Managing your Files
Users on Arc are automatically granted several locations to store their files. Most users will be storing their files in one of two locations, /home
- $HOME directory - /home/abc123 - This directory is entirely controlled by you and the default permissions are that nobody else can see or access your files.
- Work directory - /work/abc123 - This directory is where you should place any input/output files as well as logs for your running jobs. This directory is NOT backed up.
Below are instructions for transferring file to Arc from Windows, Mac, and Linux systems.
On Microsoft Windows, an SFTP client must be downloaded to transfer files to Arc. This guide will use the “MobaXterm” application, which was also used in the connecting (ssh) and X-forwarding guides. Other common SFTP applications are listed below; all of these will work fine with Arc.
File Transfer using MobaXterm
When you log in to a remote Arc session using SSH, a graphical SFTP (Secure File Transfer Protocol) browser appears in the left sidebar allowing you to drag and drop files directly to or from Arc using the SFTP connection. To manually open a new SFTP session:
- Open a new session
Windows-based editors generally put an extra “carriage return” (also referred to as control-M/^M) character at the end of each line of text. This will cause problems for most Linux-based applications. To correct this problem, execute the built-in utility dos2unix on each ASCII file you upload from your Windows machine to Arc:
[abc123@login01 ~]$ dos2unix filename
There are several ways to transfer files from a Linux or Mac system to Arc. You can use either scp or rsync from the command-line.
Open a Terminal and use the scp
command as shown in the example below - assuming your Arc username is abc123:
localMachine% scp LocalFile abc123@login.Arc.utsa.edu:/path/to/destination
Below is a specific example:
localMachine% scp hello_world.py abc123@login.Arc.utsa.edu:/work/abc123/.
scp works like cp but uses ssh to connect, so you will be asked for your campus passphrase again.
To copy a directory from a local to remote system use the -r option:
localMachine% scp -r /local/directory abc123@login.Arc.utsa.edu:/remote/directory
The scp command can be used for transferring files between any two remote systems as well. As an example, a file named "filetest" from your /work/abc123 directory on Shamu can be transferred to your similar work directory on Arc using the command that looks as follows:
[abc123@login01 abc123]$ scp ./filetest firstname.lastname@example.org:/work/abc123/.
Warning: Permanently added 'arc.utsa.edu,18.104.22.168' (ECDSA) to the list of known hosts.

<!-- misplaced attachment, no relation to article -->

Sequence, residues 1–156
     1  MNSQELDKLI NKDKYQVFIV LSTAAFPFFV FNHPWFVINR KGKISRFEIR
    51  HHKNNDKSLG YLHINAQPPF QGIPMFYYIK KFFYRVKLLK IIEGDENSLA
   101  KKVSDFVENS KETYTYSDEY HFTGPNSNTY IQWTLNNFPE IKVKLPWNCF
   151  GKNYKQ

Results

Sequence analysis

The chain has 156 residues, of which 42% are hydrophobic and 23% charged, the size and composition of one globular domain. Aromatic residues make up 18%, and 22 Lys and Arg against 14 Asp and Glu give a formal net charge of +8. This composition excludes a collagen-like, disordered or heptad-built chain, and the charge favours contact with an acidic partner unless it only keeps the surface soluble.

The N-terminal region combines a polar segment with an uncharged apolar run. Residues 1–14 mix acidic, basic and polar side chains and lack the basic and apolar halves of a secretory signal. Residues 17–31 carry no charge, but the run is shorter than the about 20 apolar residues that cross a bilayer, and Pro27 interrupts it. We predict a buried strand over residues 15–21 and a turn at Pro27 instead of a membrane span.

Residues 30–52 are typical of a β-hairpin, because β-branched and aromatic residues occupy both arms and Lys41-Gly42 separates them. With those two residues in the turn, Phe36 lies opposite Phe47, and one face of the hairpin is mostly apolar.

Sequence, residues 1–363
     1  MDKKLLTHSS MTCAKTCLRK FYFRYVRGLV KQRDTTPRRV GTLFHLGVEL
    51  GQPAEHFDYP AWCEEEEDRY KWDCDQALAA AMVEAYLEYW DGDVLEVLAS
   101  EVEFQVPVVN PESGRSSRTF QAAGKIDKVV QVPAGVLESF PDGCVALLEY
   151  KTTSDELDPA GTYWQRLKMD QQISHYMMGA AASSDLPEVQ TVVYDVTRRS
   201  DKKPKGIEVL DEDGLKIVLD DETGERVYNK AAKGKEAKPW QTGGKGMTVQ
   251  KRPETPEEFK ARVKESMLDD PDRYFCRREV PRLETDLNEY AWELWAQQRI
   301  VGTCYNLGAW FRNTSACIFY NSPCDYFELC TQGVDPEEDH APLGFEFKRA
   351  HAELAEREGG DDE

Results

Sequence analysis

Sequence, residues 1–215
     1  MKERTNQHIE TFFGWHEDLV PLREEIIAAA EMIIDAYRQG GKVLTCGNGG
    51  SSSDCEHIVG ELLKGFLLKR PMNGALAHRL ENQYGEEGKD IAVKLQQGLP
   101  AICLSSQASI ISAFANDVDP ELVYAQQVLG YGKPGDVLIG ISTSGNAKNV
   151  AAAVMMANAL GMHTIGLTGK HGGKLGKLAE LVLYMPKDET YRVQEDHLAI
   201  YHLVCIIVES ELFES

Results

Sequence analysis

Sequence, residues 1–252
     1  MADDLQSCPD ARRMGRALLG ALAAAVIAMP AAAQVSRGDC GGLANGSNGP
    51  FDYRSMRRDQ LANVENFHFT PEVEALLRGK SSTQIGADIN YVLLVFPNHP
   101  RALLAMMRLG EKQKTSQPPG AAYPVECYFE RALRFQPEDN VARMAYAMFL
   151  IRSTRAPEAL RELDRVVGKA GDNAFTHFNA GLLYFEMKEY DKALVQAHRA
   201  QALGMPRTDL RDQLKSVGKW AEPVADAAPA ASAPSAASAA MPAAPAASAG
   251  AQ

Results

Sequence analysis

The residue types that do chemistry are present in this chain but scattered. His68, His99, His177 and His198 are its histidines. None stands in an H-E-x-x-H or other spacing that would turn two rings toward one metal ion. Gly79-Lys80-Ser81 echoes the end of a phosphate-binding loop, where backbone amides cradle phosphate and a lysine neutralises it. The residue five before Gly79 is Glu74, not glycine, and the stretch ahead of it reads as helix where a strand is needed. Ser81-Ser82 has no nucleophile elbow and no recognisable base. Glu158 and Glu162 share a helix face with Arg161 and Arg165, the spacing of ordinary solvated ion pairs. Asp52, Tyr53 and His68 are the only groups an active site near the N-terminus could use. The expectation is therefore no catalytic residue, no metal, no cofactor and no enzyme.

filetest 100% 9 3.9KB/s 00:00
You can use wildcards in the scp command as shown below:
[abc123@login01 abc123]$ scp *.txt email@example.com:/work/abc123/.
This will copy all files that end in ".txt" to the ARC environment.
When copying a directory with multiple files, use tar to create a compressed archive of the directory, then transfer the directory as a single file:
[abc123@login01 abc123]$ tar -czvf ./mydata.tar mydata # create archive
[abc123@login01 abc123]$ scp ./mydata.tar firstname.lastname@example.org:/work/abc123/. # transfer archive
See the man page for scp for additional information and details on the command.
Transfer Using RSYNC
The rsync utility helps in synchronizing files maintianed on source and destination systems. Unlike scp, rsync copies only the changed portions of individual files. Therefore, it is efficient to use rsync when you only need to update a small fraction of a large dataset at the destination location. The syntax of rsync is as follows:
[abc123@login01 abc123]$ rsync myfile email@example.com:/work/abc123/.
This command copies the file "myfile" to the destination directory on Arc.
To copy a directory and all subdirectories to a remote location, use this command:
[abc123@login01 abc123]$ rsync -avtr mydirectory firstname.lastname@example.org:/work/abc123/.
- a = Preserve symbolic links and other meta-data
- v = Verbose output
- r = Recursive coyp, ie: copy this directory and all subdirectories
- t = Preserve time stamps
The options on this rsync command are useful when synchronizing your data to a remote location. The first time you run this command, a copy of the file and directory structure is created at the remote location. After the initial copy, if some files then change on the source side and the command is run again, only those changes are copied to the remote location.
Also, if the rsync data transfer is interrupted for some reason, you can just re-run the command to copy over and sync those items that did not get previously copied or updated.
See the man page for rsync for additional information and details on the command.